All neighborhoods have that one creepy house that all children are scared of; sometimes it’s a rumor of a morbid past or gruesome occurrence, other times it’s the disturbing occupant of the residence, or it can even be that unexplainable uneasiness that you get walking past it. Now, imagine an entire block, region, or town that gives you that same unsettling feeling. In today’s blog post, we’ll take you on a journey to four of the scariest places you can find on Google Street View. Ready?
Pripyat is a ghost town, rife with sadness and death, located in northern Ukraine, about 2 to 3 kilometers from the infamous Chernobyl Nuclear Power Plant. Established in 1970 to house the 50,000 workers and their families, the town was evacuated the day after the 1986 Chernobyl disaster. As residents were ordered to flee their homes, taking with them the strict minimum, a view of the town today depicts cinemas, schools, sports arenas, stores, etc. frozen in time.
La Isla de las Muñecas, Mexico
The legend goes that many years ago, the caretaker of the island, Don Julian Santana Barrera, found a young girl drowned in strange circumstances. Plagued by the idea that he was unable to save her, Julian often visited the canal where he found her, and one day, he came across a floating doll, which he hung on a tree as a sign of respect. Haunted by the girl’s spirit, he spent years collecting discarded dolls and hanging them throughout the island; locals believe that the toys are possessed by the souls of little girls and that they whisper to each other and even move their limbs and open their eyes. What makes this story even creepier is that Julian was found dead, drowned in the same spot where he discovered the girl.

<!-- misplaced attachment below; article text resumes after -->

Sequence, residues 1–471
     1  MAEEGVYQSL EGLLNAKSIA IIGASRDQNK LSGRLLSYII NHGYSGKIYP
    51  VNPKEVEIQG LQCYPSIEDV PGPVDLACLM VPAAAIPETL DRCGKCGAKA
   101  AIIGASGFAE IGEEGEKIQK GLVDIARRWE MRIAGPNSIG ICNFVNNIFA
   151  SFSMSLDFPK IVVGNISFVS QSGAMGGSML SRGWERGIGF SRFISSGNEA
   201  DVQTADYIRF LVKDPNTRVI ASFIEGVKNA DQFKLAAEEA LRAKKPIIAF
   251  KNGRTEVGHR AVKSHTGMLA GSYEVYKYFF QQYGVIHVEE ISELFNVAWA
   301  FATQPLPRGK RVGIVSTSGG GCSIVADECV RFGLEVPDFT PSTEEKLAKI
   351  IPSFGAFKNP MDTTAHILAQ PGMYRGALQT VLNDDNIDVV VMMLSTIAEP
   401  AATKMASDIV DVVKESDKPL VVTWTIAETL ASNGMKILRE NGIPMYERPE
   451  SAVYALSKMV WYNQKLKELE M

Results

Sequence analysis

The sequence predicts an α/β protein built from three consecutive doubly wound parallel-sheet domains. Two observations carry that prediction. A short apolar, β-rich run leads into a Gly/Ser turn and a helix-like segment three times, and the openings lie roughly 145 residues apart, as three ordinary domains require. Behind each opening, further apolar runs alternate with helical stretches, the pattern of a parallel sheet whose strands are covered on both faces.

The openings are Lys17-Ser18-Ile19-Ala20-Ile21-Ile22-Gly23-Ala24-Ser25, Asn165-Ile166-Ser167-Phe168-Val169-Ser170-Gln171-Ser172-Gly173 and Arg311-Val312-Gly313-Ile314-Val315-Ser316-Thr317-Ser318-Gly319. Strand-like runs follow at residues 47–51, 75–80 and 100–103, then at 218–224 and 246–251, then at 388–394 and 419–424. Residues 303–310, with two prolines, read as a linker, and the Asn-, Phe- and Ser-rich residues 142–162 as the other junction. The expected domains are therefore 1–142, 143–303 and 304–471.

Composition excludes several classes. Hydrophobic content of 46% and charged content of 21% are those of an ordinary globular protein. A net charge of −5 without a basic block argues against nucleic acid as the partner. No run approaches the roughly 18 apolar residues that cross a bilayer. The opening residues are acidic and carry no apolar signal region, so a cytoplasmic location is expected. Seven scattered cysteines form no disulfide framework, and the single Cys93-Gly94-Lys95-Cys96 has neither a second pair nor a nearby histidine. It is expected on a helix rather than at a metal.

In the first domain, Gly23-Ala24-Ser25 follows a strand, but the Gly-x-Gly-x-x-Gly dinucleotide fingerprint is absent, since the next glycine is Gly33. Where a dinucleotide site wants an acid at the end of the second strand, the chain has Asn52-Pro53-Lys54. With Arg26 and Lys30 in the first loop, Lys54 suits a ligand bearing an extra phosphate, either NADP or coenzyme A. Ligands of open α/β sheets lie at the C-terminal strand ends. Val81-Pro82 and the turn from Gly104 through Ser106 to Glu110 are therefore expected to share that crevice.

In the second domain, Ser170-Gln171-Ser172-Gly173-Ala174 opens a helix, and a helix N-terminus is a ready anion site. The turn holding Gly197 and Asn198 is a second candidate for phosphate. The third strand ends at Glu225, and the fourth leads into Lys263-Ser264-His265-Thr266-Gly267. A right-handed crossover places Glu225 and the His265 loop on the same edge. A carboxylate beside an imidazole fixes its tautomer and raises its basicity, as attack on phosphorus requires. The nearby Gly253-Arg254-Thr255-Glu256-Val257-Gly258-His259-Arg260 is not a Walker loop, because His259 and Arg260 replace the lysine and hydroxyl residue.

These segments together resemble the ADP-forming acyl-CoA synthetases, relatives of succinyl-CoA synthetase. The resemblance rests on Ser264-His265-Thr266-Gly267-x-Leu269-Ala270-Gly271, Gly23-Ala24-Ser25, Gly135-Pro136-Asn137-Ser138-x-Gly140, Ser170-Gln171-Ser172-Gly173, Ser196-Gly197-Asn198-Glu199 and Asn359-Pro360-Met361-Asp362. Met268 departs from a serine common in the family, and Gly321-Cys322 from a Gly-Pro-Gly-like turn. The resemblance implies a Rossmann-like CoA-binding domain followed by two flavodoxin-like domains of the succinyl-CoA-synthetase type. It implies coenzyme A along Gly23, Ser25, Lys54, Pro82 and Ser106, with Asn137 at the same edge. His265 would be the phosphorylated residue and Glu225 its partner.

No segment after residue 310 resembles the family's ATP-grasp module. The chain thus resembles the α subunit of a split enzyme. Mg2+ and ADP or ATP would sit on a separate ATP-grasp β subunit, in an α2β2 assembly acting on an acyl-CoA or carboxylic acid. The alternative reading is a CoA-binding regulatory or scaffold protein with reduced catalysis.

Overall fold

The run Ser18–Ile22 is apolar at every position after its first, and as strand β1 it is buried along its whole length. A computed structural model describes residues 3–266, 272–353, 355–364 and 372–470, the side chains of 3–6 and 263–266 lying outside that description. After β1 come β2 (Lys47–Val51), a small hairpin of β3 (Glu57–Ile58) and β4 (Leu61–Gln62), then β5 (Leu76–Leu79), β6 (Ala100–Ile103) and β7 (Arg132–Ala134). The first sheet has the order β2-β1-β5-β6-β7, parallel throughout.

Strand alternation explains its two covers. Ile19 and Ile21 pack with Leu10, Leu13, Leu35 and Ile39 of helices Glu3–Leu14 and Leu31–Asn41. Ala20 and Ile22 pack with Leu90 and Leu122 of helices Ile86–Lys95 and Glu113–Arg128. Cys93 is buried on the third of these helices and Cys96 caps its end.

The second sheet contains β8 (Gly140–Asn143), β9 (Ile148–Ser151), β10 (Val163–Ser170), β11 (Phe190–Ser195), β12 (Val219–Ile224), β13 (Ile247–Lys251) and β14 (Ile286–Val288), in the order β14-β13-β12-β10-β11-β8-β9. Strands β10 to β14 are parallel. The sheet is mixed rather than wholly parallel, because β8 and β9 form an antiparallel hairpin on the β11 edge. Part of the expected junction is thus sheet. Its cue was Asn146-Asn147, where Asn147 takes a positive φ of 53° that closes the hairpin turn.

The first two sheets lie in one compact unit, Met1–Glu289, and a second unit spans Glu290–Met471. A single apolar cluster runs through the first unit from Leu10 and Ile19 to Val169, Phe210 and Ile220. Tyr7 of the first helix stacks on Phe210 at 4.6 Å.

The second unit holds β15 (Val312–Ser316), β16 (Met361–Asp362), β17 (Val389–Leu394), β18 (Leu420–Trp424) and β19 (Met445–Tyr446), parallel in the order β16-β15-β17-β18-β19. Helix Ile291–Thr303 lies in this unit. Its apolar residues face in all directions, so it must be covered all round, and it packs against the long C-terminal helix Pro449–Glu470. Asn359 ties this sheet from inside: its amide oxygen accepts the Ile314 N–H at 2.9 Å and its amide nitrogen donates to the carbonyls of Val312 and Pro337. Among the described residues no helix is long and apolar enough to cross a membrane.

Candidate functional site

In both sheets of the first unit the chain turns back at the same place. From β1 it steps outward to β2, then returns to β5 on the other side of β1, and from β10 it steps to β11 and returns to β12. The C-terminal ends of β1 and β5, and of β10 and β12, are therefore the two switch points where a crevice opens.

There’s something about derelict, abandoned places that gives you the creeps. Your mind starts to wonder what it used to be like there, or what is still lurking in the shadows after everyone’s departure. Gunkanjima, also known as battleship island, is located about 20 kilometers from the Nagasaki Port. Home to approximately 5000 residents in the seventies, half of whom worked directly for the coal mine on Gunkanjima, the island was evacuated following the closure of the mine in 1974. Over time, the island and its abandoned buildings have acquired a strange and haunting, almost palpable, character.
Another Japanese neighborhood makes this list, this time for its peculiar tradition of replacing the departed with dolls. Located in the valleys of Shikoku, Japan, the population of Nagoro is slowly shrinking, as its inhabitants pass away or leave for better employment prospects.
The story goes that when Tsukimi Ayano returned to the village after decades of living in Osaka, she was faced with loneliness and isolation in her hometown, so she decided to populate Nagoro with dolls to represent former residents.
What are some of the scariest places that you’ve seen on Google Maps? Share them with us by commenting below.